Sheltering for individuals with special needs, including vulnerable older adults, can be mandated by state law or local ordinances or by any government official in the normal course of his or her duties, subject to enabling legal authority. Local ordinances enacted by city or county governments may direct a local agency or office to develop sheltering plans for people with special needs, although such authority is not required. The ADA requires that shelter operators make reasonable accom­ modations and modifications to shelter procedures, including the provision of auxiliary aids and services, as well as accommodations for service animals.

Planning Considerations

Partnerships are critical in planning and operating shelters because the complex issues that arise during an emergency cannot be solved by one organization; the required activities are cross-cutting. Groups that can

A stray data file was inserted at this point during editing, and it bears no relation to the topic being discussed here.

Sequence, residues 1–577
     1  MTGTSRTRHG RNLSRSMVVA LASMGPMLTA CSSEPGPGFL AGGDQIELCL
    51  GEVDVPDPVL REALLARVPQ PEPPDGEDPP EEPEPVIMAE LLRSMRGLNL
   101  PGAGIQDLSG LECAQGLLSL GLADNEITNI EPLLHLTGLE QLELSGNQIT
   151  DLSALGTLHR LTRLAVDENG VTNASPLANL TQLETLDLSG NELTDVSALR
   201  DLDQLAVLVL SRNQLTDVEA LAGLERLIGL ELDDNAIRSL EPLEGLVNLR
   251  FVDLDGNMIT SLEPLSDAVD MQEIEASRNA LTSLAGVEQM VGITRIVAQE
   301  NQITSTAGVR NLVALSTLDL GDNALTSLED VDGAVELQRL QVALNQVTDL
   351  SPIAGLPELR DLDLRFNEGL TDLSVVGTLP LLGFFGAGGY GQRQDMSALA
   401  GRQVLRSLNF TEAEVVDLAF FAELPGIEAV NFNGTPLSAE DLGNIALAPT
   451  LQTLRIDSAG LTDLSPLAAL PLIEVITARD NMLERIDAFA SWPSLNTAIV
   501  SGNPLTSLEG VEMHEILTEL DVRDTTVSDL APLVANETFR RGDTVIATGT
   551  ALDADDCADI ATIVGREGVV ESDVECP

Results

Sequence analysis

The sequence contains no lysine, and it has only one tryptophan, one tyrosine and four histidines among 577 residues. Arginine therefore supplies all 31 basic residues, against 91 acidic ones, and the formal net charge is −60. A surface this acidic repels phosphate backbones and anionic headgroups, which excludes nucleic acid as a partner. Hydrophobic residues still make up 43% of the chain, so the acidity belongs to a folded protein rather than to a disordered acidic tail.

be involved in shelter planning may include the following:

• Aging Services Network. • Community service agencies

(e.g., American Red Cross, United Way, Meals on Wheels, senior centers). • Emergency management agencies. • Faith-based organizations. • Public health agencies. The special needs of older adults may present certain challenges to shelter officials. For example, some older adults may be able to walk on their own, while others may need devices such as canes, crutches, or walkers. Some may be dependent on certain electrical equipment or need help with medical care, such as someone to give them their medication or a nurse to monitor their health. Some older adults may be dependent on others to help them with routine care and activities of daily living, such as eating, walking, toileting, and personal hygiene.

Challenges to providing appropriate shelter to older adults include the need to

• Respond to the continually

changing and evolving nature of the specific event or hazard. • Get the appropriate durable medical equipment. • Provide a safe, secure environ­ ment that takes into account the potential for abuse and neglect of older adults because of their cognitive and physical impairments. • Provide staff members who have been trained to care for the specific physical, cognitive, and emotional needs of older adults. When planning for older adults, officials must ensure that shelter facilities meet the special needs of this population. For example, shelters must

• Be accessible to people who